YouTube has expanded its monetization system, the YouTube Partner Program (YPP). In addition to introducing a new monetization method for short videos, we will start offering “Creator Music” that allows you to obtain a license for music that can be used in videos.
From the beginning of 2023, creators specializing in short videos will be able to apply for YPP if they meet the conditions such as having more than 1,000 subscribers and 10 million views of short videos in the last 90 days.
It will be prepared as a new option in addition to the existing standards of 1,000 subscribers or more and 4,000 hours of total playback time.
Creators can choose the option that works best for their channel, while YouTube says that “all options retain the same level of brand protection that is important to advertisers.”
Additionally, to support creators who are new to posting videos on YouTube, a new YouTube channel will provide early access to audience funding features, including Super Thanks, Super Chat, Super Stickers, and channel memberships. We are planning to introduce various user qualifications into the YPP.
In addition, we will strengthen YouTube’s unique revenue sharing model for creators of short videos. Ads appear between videos in the short video feed, and revenue from those ads is combined each month to pay YouTube Short creators and cover music licensing costs. The creator of the YouTube Short will receive 45% of the overall ad revenue allocated to that creator, split according to the percentage of the total views of the short video. Whether or not you use music doesn’t affect your revenue share percentage, he said.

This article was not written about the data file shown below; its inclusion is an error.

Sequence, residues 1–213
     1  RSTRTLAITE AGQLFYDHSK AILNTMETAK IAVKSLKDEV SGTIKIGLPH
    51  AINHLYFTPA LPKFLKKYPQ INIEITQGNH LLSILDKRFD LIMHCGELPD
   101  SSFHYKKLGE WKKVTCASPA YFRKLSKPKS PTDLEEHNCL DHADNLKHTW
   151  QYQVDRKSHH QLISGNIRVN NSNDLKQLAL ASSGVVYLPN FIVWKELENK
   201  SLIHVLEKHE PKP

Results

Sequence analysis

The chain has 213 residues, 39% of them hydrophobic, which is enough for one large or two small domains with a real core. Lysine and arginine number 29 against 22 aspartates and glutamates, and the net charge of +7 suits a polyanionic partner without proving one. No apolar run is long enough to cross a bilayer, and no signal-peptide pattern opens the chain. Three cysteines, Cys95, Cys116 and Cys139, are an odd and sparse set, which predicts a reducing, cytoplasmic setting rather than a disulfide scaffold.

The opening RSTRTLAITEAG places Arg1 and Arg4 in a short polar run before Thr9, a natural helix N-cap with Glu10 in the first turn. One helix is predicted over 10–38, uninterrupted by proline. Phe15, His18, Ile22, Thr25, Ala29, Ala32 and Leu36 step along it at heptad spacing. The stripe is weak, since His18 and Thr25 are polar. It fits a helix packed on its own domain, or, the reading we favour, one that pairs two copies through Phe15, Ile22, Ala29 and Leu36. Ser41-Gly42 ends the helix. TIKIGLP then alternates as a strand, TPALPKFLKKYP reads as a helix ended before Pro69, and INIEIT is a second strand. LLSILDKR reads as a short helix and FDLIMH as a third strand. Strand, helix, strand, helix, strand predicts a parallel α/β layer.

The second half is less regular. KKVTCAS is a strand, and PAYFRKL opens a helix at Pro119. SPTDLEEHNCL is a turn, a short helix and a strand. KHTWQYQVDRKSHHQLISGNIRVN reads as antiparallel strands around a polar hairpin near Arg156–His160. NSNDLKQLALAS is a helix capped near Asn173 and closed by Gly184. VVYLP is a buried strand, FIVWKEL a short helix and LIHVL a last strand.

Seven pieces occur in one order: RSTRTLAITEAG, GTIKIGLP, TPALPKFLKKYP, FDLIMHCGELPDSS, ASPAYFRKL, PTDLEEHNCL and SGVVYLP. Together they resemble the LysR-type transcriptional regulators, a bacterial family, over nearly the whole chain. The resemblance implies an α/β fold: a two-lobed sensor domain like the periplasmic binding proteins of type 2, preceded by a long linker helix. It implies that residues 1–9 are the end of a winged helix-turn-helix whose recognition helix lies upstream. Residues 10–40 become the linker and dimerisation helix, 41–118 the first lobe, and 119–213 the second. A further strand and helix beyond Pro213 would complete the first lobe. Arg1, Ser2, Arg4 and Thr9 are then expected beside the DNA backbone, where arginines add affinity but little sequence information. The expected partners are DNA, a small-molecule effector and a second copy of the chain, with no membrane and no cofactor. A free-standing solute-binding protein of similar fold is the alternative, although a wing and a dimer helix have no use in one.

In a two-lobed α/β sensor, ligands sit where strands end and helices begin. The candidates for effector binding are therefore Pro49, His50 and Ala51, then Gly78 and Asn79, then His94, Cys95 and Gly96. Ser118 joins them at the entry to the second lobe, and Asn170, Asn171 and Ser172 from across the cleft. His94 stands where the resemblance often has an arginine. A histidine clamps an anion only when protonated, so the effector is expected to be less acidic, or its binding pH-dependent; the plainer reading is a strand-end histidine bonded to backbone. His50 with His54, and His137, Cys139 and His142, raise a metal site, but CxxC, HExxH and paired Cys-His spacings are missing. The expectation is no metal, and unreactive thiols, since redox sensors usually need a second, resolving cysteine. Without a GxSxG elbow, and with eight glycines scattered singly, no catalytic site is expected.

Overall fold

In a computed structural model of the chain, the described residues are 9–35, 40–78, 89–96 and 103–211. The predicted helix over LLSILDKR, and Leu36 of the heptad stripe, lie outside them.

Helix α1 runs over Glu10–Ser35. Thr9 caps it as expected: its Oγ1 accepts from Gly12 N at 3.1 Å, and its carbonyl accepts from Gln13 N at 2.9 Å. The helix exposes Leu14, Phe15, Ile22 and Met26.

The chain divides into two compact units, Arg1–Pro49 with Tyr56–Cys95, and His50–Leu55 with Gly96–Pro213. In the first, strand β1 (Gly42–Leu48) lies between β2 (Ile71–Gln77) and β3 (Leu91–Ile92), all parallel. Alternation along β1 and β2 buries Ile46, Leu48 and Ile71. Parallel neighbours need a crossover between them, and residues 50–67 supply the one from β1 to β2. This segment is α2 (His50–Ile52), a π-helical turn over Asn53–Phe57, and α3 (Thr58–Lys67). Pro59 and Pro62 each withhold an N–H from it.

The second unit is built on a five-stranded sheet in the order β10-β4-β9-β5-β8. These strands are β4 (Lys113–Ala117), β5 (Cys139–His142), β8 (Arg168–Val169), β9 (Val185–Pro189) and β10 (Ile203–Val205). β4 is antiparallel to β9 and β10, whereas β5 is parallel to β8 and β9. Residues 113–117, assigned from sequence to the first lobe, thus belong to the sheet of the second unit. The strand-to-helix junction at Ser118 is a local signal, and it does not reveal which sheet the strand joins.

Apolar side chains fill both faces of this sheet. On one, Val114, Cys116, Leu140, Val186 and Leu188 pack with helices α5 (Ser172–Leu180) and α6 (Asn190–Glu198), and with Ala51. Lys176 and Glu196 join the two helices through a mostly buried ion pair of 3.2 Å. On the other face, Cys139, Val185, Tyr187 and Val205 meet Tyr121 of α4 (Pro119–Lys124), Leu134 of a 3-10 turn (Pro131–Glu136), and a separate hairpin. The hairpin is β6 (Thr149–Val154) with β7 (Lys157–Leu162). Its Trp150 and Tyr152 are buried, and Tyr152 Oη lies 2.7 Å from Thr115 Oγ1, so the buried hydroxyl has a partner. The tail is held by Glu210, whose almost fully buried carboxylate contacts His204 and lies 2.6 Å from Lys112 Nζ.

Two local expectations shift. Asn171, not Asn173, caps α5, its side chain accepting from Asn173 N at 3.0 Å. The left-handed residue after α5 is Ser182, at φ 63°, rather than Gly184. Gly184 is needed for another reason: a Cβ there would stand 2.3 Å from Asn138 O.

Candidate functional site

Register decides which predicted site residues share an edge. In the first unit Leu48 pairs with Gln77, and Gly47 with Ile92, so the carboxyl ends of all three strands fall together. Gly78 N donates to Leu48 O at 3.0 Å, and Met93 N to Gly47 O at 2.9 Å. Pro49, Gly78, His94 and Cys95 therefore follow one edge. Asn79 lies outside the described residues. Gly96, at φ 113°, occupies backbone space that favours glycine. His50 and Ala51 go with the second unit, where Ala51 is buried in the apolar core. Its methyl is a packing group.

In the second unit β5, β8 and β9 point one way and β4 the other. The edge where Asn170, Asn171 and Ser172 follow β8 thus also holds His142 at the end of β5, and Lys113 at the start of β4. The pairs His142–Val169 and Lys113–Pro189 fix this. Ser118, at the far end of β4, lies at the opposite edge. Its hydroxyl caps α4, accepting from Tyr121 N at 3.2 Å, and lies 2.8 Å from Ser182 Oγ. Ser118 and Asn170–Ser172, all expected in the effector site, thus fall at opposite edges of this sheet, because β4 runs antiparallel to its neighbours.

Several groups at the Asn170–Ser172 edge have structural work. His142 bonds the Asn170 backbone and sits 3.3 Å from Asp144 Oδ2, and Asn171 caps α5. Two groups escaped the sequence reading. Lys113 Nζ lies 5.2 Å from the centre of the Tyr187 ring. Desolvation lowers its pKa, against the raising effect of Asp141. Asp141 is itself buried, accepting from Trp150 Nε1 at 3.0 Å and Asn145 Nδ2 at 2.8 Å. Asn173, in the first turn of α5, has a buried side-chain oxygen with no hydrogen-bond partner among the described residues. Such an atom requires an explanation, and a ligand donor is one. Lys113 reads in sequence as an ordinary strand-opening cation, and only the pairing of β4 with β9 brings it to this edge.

“Creator music” that makes it easy to use music in videos and also makes money for providers
For long videos, we will start offering “Creator Music” that allows creators to access a music catalog that collects songs that can be used in videos. It is said that it will also provide a new source of revenue for music on YouTube for artists and music rights owners who provide music.
The complexity of music licensing has traditionally prevented creators from generating revenue for most long-form videos that use music. “Creator Music” will allow creators to purchase music licenses at an affordable price and earn the same revenue share as videos without music.
Creators who don’t want to purchase music licenses upfront can also split revenue with the artists of the songs they use and the associated rights holders. “Creator Music” is currently in beta in the US, with plans to expand to more regions in 2023.
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